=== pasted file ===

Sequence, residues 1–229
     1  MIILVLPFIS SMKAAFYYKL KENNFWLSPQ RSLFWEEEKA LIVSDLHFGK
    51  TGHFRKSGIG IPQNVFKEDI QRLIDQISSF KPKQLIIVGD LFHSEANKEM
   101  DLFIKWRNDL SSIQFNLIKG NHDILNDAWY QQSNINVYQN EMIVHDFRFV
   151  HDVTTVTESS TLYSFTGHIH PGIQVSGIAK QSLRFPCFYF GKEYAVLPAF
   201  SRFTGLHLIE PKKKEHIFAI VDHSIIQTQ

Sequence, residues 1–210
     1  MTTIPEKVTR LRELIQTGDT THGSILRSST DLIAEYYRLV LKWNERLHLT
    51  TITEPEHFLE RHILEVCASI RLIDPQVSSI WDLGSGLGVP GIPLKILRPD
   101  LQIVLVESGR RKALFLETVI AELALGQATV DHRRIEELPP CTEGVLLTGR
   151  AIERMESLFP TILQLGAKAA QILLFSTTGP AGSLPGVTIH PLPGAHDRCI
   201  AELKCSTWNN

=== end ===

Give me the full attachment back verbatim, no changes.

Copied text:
Sequence, residues 1–229
     1  MIILVLPFIS SMKAAFYYKL KENNFWLSPQ RSLFWEEEKA LIVSDLHFGK
    51  TGHFRKSGIG IPQNVFKEDI QRLIDQISSF KPKQLIIVGD LFHSEANKEM
   101  DLFIKWRNDL SSIQFNLIKG NHDILNDAWY QQSNINVYQN EMIVHDFRFV
   151  HDVTTVTESS TLYSFTGHIH PGIQVSGIAK QSLRFPCFYF GKEYAVLPAF
   201  SRFTGLHLIE PKKKEHIFAI VDHSIIQTQ

Sequence, residues 1–210
     1  MTTIPEKVTR LRELIQTGDT THGSILRSST DLIAEYYRLV LKWNERLHLT
    51  TITEPEHFLE RHILEVCASI RLIDPQVSSI WDLGSGLGVP GIPLKILRPD
   101  LQIVLVESGR RKALFLETVI AELALGQATV DHRRIEELPP CTEGVLLTGR
   151  AIERMESLFP TILQLGAKAA QILLFSTTGP AGSLPGVTIH PLPGAHDRCI
   201  AELKCSTWNN